Olympics Broadcaster Announces His Computer Password on Live TV

The announcer complained that it could have been a bit easier to type.
Image: Creative Commons

In what is, at least so far, the biggest cybersecurity blunder of the Tokyo Olympics, an Italian TV announcer did not realize he was on air when he asked the password for his computer. 

"Do you know the password for the computer in this commentator booth?" he asked during the broadcast of the Turkey-China volleyball game, apparently not realizing he was still on air. 

"It was too hard to call the password Pippo? Pippo, Pluto or Topolino?" he complained, referring to the Italian names for Goofy, Pluto and Mickey Mouse. 


The snafu was immortalized in a video posted on Twitter by cybersecurity associate professor Stefano Zanero, who works at the Polytechnic University of Milan. A source who works at Eurosport, the channel which was broadcasting the volleyball game, confirmed that the video is authentic.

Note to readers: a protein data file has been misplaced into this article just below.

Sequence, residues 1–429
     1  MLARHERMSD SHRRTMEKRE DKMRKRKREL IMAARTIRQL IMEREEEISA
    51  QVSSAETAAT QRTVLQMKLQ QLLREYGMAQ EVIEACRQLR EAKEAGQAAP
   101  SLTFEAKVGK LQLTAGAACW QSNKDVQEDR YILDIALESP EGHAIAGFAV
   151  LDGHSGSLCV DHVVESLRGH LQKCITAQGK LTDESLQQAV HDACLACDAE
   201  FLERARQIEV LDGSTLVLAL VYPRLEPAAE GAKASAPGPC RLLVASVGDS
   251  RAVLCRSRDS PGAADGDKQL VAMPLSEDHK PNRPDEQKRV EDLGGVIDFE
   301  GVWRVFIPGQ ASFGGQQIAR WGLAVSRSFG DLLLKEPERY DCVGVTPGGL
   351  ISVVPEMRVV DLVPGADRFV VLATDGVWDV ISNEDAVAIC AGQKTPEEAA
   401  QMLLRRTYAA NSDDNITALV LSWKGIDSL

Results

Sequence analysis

A colleague of the announcer can be heard in the background saying the password depends on the Olympics organizers, and asking the announcer if it's on a paper or post it close-by. 

Turns out the password was "Booth.03" after the number of the commentator's booth. 

"Even the dot to make it more complicated, as if it was NASA's computer," he said on the air. "Next time they will even put a semicolon."

"Ma porca miseria," he concluded, using a popular italian swearing that literally means "pork's misery" but is more accurately translated to "for god's sake."

Zanero joked to his Twitter followers that "next time you hear people chatting about super sophisticated policies and cybersecurity products, you can respond with this video."

While the snafu is embarrassing, the actual impact of making such a password public is likely limited. Access to those computers at commentators' booths is likely restricted, especially because there is no public at any Olympics' events due to COVID-19 risks.